Policy brief

Multi-Tiered System of Supports to Address Childhood Trauma

Evidence and Implications
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Kevin Gee
University of California, Davis
Christina Murdoch
University of California, Davis
Tseng Vang
University of California, Davis
Quetzally Cuahuey
University of California, Davis
Jeremy Prim
University of California, Davis


When California’s students return to school this fall, schools can play a pivotal role in preventing, assessing, and addressing trauma in order to support students’ well-being. We summarize the existing evidence base on multi-tiered trauma-informed practices that offer increasingly intensive tiers of support. Although many multi-tiered models of trauma-informed approaches have been implemented in schools, the evidence base demonstrating their wholescale effectiveness is limited. The most compelling evidence comes from approaches within the more intensive tiers. Moreover, most of the recent guidance on addressing trauma comes from expert and practitioner experiences and recommendations, including the novel adaptations that some schools made amid the shift to distance learning. Finally, districts and schools seeking to become trauma informed should consider establishing a coherent systemwide trauma-informed approach, including care for educators themselves.


A confluence of recent events—the COVID-19 pandemic alongside social ruptures highlighting systemic racial injustices—have exposed some children to traumatic events, potentially influencing their emotional and physical well-being.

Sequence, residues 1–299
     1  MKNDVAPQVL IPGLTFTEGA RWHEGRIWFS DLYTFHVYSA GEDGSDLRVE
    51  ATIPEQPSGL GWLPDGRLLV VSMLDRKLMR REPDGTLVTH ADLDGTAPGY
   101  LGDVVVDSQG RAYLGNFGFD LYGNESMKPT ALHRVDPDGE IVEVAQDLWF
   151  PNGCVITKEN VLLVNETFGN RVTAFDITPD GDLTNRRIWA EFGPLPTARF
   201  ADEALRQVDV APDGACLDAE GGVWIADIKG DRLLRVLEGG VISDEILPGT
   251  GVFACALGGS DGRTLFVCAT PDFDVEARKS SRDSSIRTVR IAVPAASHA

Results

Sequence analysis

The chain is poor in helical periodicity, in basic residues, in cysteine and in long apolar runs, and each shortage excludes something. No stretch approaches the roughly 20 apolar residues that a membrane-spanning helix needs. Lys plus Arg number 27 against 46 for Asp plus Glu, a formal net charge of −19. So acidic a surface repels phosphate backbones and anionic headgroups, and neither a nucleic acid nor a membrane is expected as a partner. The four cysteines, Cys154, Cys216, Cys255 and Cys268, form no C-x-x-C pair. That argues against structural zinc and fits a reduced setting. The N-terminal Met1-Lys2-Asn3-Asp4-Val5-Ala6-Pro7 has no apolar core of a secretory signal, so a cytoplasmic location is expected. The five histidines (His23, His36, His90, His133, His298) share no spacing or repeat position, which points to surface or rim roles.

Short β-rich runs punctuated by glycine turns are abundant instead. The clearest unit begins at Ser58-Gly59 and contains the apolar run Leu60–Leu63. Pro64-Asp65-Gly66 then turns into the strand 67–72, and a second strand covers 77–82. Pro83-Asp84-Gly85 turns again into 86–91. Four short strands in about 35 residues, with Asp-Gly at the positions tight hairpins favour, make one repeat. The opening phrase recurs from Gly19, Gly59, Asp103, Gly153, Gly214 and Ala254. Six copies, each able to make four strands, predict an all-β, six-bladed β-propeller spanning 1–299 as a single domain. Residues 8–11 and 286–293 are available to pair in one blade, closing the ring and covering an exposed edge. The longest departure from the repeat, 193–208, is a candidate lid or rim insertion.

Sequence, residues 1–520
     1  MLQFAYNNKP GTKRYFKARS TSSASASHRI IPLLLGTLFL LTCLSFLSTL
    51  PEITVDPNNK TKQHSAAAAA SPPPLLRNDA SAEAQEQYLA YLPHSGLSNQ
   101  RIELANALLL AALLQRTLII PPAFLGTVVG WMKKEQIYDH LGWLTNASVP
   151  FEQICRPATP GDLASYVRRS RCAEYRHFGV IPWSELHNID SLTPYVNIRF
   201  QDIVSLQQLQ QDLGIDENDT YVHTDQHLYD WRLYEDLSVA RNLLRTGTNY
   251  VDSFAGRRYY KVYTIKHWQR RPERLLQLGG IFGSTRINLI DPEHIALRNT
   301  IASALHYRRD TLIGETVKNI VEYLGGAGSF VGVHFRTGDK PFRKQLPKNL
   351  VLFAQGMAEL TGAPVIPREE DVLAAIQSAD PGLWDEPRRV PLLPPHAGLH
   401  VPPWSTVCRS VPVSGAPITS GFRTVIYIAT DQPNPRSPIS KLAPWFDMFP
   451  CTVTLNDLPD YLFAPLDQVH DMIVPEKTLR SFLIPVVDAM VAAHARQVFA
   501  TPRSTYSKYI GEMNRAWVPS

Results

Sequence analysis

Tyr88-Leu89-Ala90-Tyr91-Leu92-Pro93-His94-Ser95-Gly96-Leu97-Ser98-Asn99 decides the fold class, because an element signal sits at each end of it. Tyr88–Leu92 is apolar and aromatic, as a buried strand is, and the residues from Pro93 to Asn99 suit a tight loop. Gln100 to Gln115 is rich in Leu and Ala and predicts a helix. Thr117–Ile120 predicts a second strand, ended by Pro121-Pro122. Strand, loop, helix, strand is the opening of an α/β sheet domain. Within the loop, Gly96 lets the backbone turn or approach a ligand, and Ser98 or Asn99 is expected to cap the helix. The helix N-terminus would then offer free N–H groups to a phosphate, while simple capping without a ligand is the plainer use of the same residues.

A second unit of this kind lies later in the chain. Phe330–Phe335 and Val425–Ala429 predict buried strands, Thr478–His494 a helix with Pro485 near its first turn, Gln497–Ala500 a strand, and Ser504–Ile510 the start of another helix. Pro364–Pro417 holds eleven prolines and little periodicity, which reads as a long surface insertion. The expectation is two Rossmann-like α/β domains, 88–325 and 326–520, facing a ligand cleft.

When California’s students return to school in fall 2020—be it at distance, in person, or some combination of both—schools can play a pivotal role in preventing and assessing trauma as well as in helping students recover from potentially traumatic experiences. While exposure to traumatic events may not necessarily lead students to experience or show signs of trauma, districts and schools should be prepared to support students who may have had an increased likelihood of exposure to traumatic experiences.

Although there is no one consistent framework for addressing trauma via schools, they may want to adopt a “trauma-informed” approach using a Multi-Tiered System of Supports (MTSS) model. These models rely on evidence-based practices within increasingly intensive tiers of support. Some schools and districts are already familiar with the MTSS framework, as roughly one in four schools in California have already adopted a multi-tier program, known as Positive Behavior Intervention and Supports (PBIS), to promote positive behaviors.